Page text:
The good, the bad, and the ugly in mining industry news
If Apple, Exxon and Google all tanked, the recent mining losses of $1.4T would still be bigger…
World leaders in commodity production have invested decades in constructing new mines “from the Andean Mountains to the West African jungle.” With an engine of global growth like China is your biggest client, their economic slowdown may spell an 11-year low for the Bloomberg World Mining Index. Investors are hopeful for stabilization, but as the yuan suffers and raw material prices drag lower than 1999, even the biggest players are devalued.
- Anglo American Plc, worth nearly $73 billion in 2008, is now valued at $3 billion. The 99-year-old company, which is the world’s biggest diamond and platinum producer and owns some of the best copper and coal mines, is now worth less than mid-tier Randgold Resources Ltd. and copper miner Antofagasta Plc.
- Once two of world’s largest companies, BHP Billiton Ltd. and Rio Tinto Group’s shares are now at least twice as volatile as the U.K.’s benchmark stock index.
- Apple, the world’s most valuable company, is worth about $549 billion. Alphabet is valued at $510 billion and Exxon $321 billion.
Interior hit the pause button all new coal mining on public land…
- In the first major review of the U.S. coal program in thirty years, the Obama administration ordered a pause on issuing coal mining leases on federal land.
- “Given serious concerns raised about the federal coal program, we’re taking the prudent step to hit pause on approving significant new leases so that decisions about those leases can benefit from the recommendations that come out of the review,” said Interior Secretary Sally Jewell.
- Over 40 percent of U.S. coal is mined on Wyoming’s public land.
- Over 50 coal companies have filed for bankruptcy since 2012 due to the steep competition from raised costs due to cheap natural gas and clean air regulation.
- Reserves already under lease are enough to sustain current levels of production from federal land for 20 years.
Meanwhile, renewable energy opportunities are on the rise …
With cheaper advances in tech and more storage solutions emerging every day, the mining sector is projected to spend 5 to 8 percent of its $50-billion annual energy budget on renewables. It may not happen overnight, but as efficiency improves and carbon taxes and tighter carbon emissions caps become more prevalent, mine technology suppliers have already started to adapt to huge changes in renewables ahead.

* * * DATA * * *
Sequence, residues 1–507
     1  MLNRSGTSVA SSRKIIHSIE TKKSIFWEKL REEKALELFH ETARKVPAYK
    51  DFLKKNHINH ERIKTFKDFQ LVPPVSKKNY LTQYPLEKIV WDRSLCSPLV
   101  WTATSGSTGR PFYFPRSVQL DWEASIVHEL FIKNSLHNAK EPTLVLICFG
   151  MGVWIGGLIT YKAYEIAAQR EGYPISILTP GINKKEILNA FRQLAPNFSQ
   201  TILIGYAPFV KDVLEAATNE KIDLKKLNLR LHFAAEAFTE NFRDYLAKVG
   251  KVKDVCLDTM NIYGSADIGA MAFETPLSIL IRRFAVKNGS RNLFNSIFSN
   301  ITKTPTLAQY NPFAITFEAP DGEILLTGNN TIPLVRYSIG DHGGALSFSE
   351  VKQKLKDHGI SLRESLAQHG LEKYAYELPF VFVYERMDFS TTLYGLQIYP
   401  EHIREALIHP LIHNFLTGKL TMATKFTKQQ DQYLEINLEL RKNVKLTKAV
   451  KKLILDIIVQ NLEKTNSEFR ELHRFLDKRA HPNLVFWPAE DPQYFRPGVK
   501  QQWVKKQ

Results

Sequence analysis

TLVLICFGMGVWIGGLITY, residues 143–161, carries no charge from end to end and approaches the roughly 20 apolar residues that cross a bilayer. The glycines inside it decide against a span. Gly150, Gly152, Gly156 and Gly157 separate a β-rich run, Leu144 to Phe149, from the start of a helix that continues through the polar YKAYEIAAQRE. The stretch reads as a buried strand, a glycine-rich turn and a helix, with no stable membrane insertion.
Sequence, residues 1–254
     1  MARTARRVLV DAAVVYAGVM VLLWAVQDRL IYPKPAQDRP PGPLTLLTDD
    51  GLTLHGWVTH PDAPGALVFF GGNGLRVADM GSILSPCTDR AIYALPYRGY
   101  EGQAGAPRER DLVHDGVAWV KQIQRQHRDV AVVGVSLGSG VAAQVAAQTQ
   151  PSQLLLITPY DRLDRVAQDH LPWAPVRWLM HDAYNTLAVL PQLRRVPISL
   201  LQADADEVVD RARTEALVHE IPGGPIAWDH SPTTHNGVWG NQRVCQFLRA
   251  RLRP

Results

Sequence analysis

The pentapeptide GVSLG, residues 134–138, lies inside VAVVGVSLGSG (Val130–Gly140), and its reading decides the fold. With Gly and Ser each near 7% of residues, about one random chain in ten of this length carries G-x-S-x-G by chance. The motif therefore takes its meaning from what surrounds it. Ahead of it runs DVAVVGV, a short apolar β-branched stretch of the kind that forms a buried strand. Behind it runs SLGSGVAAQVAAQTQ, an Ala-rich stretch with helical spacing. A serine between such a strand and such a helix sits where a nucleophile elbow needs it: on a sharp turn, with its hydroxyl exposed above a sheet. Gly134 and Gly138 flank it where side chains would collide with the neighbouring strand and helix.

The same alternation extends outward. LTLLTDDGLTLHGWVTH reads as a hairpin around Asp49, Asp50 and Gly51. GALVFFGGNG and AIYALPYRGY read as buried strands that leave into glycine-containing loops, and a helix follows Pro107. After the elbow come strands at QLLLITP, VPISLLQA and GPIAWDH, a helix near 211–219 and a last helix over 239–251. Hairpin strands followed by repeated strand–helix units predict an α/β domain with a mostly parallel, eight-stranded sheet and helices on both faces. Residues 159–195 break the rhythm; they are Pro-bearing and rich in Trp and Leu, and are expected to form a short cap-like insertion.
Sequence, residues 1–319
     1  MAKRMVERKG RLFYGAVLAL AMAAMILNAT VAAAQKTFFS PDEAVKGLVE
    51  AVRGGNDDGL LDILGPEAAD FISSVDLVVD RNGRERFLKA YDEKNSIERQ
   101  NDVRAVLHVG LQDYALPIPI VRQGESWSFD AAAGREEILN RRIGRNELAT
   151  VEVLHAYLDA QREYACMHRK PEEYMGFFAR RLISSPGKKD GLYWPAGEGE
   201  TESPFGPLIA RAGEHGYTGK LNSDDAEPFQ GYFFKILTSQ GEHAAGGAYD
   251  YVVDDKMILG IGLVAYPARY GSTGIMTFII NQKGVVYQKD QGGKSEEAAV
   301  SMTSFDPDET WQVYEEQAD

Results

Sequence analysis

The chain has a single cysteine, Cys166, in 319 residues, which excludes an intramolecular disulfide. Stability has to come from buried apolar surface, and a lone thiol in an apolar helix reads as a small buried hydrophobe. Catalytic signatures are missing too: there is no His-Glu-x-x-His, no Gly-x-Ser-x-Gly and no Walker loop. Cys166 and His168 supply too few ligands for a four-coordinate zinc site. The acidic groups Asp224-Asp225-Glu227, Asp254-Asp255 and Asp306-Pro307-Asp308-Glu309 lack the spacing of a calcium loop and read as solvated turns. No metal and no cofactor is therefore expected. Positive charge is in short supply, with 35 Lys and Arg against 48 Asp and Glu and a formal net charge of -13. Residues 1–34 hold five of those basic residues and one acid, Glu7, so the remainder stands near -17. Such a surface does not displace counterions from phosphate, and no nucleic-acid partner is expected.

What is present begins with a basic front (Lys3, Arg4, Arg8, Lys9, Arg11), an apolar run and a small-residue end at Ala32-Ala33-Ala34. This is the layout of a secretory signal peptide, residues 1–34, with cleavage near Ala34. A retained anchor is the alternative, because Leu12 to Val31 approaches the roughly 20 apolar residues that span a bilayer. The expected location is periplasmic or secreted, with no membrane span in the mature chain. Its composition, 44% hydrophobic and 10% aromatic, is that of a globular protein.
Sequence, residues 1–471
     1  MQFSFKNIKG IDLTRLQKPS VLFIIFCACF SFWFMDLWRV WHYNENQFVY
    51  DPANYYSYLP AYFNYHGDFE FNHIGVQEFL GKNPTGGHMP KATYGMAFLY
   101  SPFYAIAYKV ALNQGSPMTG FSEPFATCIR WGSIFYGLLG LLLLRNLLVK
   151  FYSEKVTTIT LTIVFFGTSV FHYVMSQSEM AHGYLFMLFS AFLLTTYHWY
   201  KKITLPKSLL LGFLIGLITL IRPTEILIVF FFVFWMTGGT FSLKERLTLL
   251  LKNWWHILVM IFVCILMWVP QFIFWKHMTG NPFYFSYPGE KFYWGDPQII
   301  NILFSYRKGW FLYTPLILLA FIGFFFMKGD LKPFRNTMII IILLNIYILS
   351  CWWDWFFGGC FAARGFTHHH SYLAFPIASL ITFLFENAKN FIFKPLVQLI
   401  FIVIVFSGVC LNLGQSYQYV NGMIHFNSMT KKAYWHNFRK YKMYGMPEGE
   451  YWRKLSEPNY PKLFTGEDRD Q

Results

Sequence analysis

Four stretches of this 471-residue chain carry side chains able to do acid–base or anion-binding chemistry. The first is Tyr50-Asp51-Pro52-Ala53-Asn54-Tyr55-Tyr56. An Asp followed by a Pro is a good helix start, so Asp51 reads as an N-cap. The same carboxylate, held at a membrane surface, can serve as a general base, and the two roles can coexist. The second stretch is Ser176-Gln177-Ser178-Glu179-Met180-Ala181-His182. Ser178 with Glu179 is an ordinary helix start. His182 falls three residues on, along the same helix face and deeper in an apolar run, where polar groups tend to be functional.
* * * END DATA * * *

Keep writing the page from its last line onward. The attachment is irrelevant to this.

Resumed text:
All 17 salt mine workers were rescued in New York…
Seventeen miners were safely rescued after being trapped 900 feet underground for 10 hours during the start of their overnight shift in the Cayuga Salt Mine. The Lansing mine was opened in 1915, is 2,300-feet deep, and provides road salt. The Cayuga will remain on hold with no estimate on when mining operations will start back up.
Dominion Diamond will boast new leadership from ex-De Beers vet…
Dominion Diamond Corp’s co-founding executive chairman Robert Gannicott is set to be replaced with former De Beers Canada chief executive Jim Gowans. Gowans was most recently Co-President and Chief Operating Office of Barrick Gold Corp, the world’s biggest gold producer. Dominion is Canada’s largest publicly traded diamond miner, which owns the Ekati diamond mine as wells as a 40 percent stake in Canada’s largest diamond mine, Diavik.
Higher U.S. dollar and lower fuel costs mean more profits for Australian miners…
Some Australian mine operators have been able to boost their bottom line by over 30 percent due to the appreciating dollar, political stability in Australia, and the perfect environmental storm—mainly warm climate and oxide mineralization—for companies to operate smaller pits down under.
Iron ore is aiding the surge in rare earth prices…
China’s crackdown on illegal mining and pollution has given its industry a modern edge. The newly-consolidated Chinese rare earth industry includes the world’s leading rare earth producer, China North Rare Earth Group Co. CNRE’s vast mine in Inner Mongolia actually produces more than all other global rare earths mines combined, and incredibly, it’s merely a byproduct of iron ore mining. A solid cerium price means other more profitable, less common rare earths can be mined for more value as economics of the projects improve.
- A 470 million tonne iron deposit was discovered back in 1927 and rare earth elements (REE) 10 years afterward.
- Bayan Obo mine in Inner Mongolia boasts 70 percent of the world’s proven REE reserves at more than 40 million tonnes.
- The price of iron ore recently fell to below $40 a tonne, a level last seen in 2007 and down 8 percent already in 2016 following a near 40 percent decline last year.
- The flood of cheap new supply, mainly from Australia and Brazil have hit smaller producers hard, but domestic Chinese mines which struggle with low grades (only around 20 percent Fe) and high production costs have been most affected.
- The light REE erium and neodymium, Bayan Obo’s other main product, account for more than 50 percent of total demand.